Understanding the wave nature of EMI
It is important to understand that waves are two dimensional objects. Picture an EM wave as a piece of paper flying lengthwise through the air. The width of the paper is the amplitude of the wave, and the length of the paper is the wavelength. For purposes of understanding this example, assume the paper is actually infinitely thin.
Now try to fit this paper through your window. If you open your window just the tiniest amount possible, you will see that you can slip this piece of paper through that little crack. However, if you open the window wide, but you have a screen in it to prevent bugs from flying through; you will see that you cannot fit the paper through the holes in the screen. Despite the fact that the screen is not solid, you can’t get the paper through, yet in the case of the tiny wide crack, the crack in the window might be less than the distance between the wires in the screen, but you can still get the paper through it.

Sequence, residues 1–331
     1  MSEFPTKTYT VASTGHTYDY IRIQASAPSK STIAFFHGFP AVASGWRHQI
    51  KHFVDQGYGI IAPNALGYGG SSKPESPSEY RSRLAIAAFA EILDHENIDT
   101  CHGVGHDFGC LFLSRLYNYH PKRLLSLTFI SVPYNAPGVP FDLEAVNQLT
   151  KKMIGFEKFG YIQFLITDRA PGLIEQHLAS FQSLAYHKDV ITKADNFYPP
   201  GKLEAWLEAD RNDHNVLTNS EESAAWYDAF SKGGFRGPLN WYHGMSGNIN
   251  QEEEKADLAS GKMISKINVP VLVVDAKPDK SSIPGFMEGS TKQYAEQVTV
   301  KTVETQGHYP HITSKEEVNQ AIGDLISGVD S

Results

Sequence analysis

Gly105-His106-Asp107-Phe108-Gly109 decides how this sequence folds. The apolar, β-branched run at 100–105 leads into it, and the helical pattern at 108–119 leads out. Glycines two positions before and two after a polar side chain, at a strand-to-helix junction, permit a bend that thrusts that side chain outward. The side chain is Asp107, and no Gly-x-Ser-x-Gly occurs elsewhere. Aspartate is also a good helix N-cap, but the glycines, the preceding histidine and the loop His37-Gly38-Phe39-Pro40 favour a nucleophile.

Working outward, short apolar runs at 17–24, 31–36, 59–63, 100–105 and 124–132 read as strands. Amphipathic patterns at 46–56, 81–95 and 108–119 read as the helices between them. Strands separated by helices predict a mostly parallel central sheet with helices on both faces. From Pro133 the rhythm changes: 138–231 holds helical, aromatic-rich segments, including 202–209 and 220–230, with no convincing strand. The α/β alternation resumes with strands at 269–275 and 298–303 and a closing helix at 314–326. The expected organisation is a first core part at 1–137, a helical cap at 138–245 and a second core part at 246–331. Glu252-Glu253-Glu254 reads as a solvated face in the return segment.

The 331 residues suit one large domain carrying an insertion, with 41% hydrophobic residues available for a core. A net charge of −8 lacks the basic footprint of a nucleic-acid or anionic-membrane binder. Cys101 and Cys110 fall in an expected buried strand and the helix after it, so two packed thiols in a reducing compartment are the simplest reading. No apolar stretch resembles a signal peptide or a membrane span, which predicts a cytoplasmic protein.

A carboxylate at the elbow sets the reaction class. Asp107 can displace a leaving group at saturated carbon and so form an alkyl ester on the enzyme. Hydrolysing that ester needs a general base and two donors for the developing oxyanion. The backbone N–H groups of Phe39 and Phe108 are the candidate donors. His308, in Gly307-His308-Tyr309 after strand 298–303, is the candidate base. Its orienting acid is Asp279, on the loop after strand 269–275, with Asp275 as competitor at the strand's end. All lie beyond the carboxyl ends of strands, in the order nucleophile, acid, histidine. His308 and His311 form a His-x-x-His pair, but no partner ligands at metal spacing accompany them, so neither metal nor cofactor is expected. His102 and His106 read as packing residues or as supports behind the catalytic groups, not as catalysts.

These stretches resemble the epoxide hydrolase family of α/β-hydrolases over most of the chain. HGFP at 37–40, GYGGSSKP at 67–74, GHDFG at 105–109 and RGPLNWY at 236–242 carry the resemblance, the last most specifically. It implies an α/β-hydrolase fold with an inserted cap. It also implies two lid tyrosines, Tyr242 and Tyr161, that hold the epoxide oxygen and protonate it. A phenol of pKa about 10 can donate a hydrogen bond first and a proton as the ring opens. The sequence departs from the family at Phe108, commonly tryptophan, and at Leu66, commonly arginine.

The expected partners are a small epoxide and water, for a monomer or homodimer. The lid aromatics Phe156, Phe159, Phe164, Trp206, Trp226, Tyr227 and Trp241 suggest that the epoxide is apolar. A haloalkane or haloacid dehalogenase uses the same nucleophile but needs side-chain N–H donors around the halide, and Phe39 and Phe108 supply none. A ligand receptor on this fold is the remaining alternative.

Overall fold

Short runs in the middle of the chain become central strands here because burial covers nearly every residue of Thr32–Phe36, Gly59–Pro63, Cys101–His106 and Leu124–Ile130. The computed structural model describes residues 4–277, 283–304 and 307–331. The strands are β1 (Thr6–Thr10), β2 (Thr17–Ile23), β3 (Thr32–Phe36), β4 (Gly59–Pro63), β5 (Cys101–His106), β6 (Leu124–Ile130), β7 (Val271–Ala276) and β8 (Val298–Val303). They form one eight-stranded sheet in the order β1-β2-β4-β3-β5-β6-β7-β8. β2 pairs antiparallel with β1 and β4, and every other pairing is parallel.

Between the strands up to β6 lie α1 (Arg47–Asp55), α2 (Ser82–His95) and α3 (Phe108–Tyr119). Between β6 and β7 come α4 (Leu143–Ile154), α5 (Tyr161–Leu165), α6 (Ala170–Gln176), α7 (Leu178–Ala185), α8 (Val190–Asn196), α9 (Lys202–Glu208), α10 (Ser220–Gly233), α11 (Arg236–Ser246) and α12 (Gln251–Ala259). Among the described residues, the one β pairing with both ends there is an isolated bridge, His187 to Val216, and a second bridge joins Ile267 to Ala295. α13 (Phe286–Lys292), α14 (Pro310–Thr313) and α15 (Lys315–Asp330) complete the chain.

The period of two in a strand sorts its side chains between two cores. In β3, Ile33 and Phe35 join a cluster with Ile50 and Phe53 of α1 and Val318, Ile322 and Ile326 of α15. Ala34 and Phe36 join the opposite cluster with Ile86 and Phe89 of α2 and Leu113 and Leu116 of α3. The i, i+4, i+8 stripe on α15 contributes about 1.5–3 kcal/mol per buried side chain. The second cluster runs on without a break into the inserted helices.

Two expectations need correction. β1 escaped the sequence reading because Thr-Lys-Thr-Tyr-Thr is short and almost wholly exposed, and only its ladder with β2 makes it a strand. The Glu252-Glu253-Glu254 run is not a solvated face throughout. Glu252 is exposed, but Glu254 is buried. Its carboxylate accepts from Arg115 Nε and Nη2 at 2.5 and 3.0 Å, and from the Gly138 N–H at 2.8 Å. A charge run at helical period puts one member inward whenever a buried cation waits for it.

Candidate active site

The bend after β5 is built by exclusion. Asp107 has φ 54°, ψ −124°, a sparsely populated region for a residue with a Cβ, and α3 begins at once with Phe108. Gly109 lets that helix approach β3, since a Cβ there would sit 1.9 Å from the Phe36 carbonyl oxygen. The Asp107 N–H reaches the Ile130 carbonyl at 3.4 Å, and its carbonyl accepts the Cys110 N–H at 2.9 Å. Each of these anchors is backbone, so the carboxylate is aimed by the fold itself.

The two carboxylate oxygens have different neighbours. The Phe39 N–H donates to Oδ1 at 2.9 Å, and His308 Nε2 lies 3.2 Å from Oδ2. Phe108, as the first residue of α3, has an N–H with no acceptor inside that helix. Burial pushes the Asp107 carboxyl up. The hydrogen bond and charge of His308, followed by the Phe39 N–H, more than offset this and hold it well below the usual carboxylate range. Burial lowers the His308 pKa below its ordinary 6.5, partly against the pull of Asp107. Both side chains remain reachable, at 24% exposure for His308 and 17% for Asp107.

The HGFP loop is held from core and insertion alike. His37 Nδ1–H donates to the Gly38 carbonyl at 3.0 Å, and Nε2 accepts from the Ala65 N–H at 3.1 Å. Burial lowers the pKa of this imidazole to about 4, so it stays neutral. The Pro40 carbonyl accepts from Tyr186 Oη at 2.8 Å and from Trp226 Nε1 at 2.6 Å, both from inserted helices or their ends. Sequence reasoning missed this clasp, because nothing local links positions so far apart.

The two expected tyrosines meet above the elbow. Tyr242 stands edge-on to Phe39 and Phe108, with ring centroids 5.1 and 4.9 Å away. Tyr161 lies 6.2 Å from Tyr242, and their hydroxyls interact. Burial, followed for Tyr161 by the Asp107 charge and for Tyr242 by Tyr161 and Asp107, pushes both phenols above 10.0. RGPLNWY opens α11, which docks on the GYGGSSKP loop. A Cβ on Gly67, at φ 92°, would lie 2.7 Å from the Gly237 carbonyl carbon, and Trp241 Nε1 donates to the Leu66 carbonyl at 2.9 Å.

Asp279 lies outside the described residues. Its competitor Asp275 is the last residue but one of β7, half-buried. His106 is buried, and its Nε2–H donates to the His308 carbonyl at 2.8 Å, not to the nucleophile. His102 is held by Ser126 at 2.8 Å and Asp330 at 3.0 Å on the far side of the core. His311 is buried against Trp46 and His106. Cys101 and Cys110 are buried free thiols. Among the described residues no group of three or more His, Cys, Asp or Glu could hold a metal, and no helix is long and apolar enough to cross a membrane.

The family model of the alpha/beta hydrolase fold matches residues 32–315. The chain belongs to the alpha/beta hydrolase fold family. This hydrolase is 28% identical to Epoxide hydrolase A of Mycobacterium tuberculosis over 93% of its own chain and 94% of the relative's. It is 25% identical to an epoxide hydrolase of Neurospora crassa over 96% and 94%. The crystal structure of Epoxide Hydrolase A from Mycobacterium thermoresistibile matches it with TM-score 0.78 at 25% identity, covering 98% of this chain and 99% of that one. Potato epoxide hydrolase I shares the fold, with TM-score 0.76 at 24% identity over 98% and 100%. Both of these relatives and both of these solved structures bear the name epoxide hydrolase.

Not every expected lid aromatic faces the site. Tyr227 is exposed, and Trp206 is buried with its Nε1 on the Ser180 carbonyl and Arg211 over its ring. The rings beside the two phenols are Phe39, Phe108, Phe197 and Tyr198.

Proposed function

The point of this example is to help you understand that EM waves can easily escape through seems in electronic enclosures, but they cannot pass through holes, as long as the hole is significantly smaller than the wavelength of the wave. So one can have a metal box with an EMI generating device in it, and you can have rather large holes in your box, and the device will still be perfectly shielded as long as the box does not have a seem.
If the box is hinged, so that it opens and closes, likely the two sides of the box are not in perfect contact at all points, and EMI will easily pass through the seam, just like the paper passed through the tiniest crack in the window.
This leads to the concept of a Faraday Cage, where a mesh box is used to shield a device from EMI/RFI.
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